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Water-pumping windmills, aerogenerators (small wind electric generators), and wind–solar hybrid systems have been found to be useful for meeting water-pumping and small-power requirements in a decentralized mode in rural and remote windy areas of the country

 

A. Water-pumping windmill

A water-pumping windmill pumps water from wells, ponds, and bore wells for drinking, minor irrigation, salt farming, fish farming, etc. Available windmills are of two types, namely direct drive and gear type.

The most commonly used windmill has a horizontal axis rotor of 3–5.5 m diameter, with 12–24 blades mounted on the top of a 10–20 m high mild steel tower. The rotor is coupled with a reciprocating pump of 50–150 mm diameter through a connecting rod. Such windmills start lifting water when wind speed approaches 8–10 kilometres (km) per hour. Normally, a windmill is capable of pumping water in the range of 1000 to 8000 litres per hour, depending on the wind speed, the depth of water table, and the type of windmill.

Windmills are capable of pumping water from depths of 60 m. Water-pumping windmills have an advantage in that no fuel is required for their operation, and thus they can be installed in remote windy areas where other conventional means of water pumping are not feasible.

However, water-pumping windmills have limitations too. They can be operated satisfactorily only in medium wind regimes (12–18 km per hour). Further, special care is needed at the time of site selection as the sites should be free from obstacles such as buildings and trees in the surrounding areas. The cost of the system being high, many individual users do not find them affordable.

B. Aerogenerator

 

An aerogenerator is a small wind electric generator having a capacity of up to 30 kW. Aerogenerators are installed either in stand-alone mode or along with solar photovoltaic (SPV) systems to form a wind–solar hybrid system for decentralized power generation. An aerogenerator is suitable for power generation in unelectrified areas having adequate wind speeds. It consists of a rotor of 1–10 m diameter having 2–3 blades, permanent magnet generator, control devices, yaw mechanism, tower, storage battery, etc. The aerogenerator rotor starts moving at a wind speed of 9–12 km per hour. However, it produces optimum power at the rated wind speed of 40–45 km per hour. The limitation of not being able to provide power as and when it is required is overcome by storing it in a battery bank.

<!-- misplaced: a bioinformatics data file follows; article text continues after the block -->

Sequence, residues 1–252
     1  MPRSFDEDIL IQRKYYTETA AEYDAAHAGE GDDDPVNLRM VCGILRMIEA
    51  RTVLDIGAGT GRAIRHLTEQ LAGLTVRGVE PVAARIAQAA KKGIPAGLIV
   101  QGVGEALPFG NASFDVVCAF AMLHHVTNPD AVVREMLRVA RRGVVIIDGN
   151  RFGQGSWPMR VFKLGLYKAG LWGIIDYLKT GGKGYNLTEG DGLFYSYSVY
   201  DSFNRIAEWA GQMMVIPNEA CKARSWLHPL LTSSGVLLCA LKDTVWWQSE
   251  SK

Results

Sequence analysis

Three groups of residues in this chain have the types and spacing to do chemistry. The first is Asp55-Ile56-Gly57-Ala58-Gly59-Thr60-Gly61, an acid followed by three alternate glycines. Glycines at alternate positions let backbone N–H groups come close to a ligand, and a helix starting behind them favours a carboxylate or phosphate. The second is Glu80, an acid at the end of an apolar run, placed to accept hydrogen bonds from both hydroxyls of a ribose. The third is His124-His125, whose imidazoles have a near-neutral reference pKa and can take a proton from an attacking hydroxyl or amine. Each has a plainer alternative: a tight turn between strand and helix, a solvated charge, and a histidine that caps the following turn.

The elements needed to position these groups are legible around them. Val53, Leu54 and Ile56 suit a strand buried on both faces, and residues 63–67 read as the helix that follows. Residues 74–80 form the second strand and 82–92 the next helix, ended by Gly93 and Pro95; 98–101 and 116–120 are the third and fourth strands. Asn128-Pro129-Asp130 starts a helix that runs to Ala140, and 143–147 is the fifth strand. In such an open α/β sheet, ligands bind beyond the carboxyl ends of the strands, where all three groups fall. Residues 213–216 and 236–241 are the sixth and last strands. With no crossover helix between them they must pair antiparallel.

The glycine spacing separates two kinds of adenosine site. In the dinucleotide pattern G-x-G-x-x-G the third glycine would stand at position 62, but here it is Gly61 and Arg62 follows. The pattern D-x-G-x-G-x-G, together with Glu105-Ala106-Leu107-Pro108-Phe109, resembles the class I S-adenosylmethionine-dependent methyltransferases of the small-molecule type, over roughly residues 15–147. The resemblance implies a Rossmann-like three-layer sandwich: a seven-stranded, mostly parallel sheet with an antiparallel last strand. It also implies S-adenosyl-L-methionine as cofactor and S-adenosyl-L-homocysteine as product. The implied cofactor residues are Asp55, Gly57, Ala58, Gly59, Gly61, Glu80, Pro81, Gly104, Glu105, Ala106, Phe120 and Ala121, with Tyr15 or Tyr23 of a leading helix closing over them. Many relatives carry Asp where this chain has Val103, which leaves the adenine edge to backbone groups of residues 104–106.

C. Wind–solar hybrid systems

When an aerogenerator and an SPV system are interfaced, the power generation from these is mutually supplemented, and the resultant hybrid system offers a reliable and cost-effective electric supply in a decentralized mode. The wind–solar hybrid system mainly consists of one or two aerogenerators along with SPV panels of suitable capacity, connected with charge controller, inverter, battery bank, etc. to supply AC power. The major advantage of the system is that it meets the basic power requirements of non-electrified remote areas, where grid power has not yet reached. The power generated from both wind and solar components is stored in a battery bank for use whenever required.